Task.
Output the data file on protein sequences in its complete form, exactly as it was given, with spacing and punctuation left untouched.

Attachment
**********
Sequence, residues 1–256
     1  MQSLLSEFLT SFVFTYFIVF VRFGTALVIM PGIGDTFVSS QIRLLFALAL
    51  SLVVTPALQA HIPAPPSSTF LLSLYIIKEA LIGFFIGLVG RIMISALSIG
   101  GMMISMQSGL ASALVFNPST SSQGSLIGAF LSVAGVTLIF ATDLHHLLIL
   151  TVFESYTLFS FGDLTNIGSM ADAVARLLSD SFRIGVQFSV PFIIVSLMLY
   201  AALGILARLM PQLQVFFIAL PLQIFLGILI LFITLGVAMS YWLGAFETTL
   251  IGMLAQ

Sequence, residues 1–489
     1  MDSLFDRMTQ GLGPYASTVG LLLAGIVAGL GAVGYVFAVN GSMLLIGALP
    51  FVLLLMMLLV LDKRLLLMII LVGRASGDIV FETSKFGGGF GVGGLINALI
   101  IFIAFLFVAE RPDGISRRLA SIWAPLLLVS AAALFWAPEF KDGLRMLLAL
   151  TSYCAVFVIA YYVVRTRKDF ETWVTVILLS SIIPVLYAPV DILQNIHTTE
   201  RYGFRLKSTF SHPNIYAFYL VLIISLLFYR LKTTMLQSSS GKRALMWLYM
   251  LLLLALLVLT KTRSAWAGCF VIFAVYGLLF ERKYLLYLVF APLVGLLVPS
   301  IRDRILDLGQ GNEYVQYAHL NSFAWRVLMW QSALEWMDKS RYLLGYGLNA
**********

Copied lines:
Sequence, residues 1–256
     1  MQSLLSEFLT SFVFTYFIVF VRFGTALVIM PGIGDTFVSS QIRLLFALAL
    51  SLVVTPALQA HIPAPPSSTF LLSLYIIKEA LIGFFIGLVG RIMISALSIG
   101  GMMISMQSGL ASALVFNPST SSQGSLIGAF LSVAGVTLIF ATDLHHLLIL
   151  TVFESYTLFS FGDLTNIGSM ADAVARLLSD SFRIGVQFSV PFIIVSLMLY
   201  AALGILARLM PQLQVFFIAL PLQIFLGILI LFITLGVAMS YWLGAFETTL
   251  IGMLAQ

Sequence, residues 1–489
     1  MDSLFDRMTQ GLGPYASTVG LLLAGIVAGL GAVGYVFAVN GSMLLIGALP
    51  FVLLLMMLLV LDKRLLLMII LVGRASGDIV FETSKFGGGF GVGGLINALI
   101  IFIAFLFVAE RPDGISRRLA SIWAPLLLVS AAALFWAPEF KDGLRMLLAL
   151  TSYCAVFVIA YYVVRTRKDF ETWVTVILLS SIIPVLYAPV DILQNIHTTE
   201  RYGFRLKSTF SHPNIYAFYL VLIISLLFYR LKTTMLQSSS GKRALMWLYM
   251  LLLLALLVLT KTRSAWAGCF VIFAVYGLLF ERKYLLYLVF APLVGLLVPS
   301  IRDRILDLGQ GNEYVQYAHL NSFAWRVLMW QSALEWMDKS RYLLGYGLNA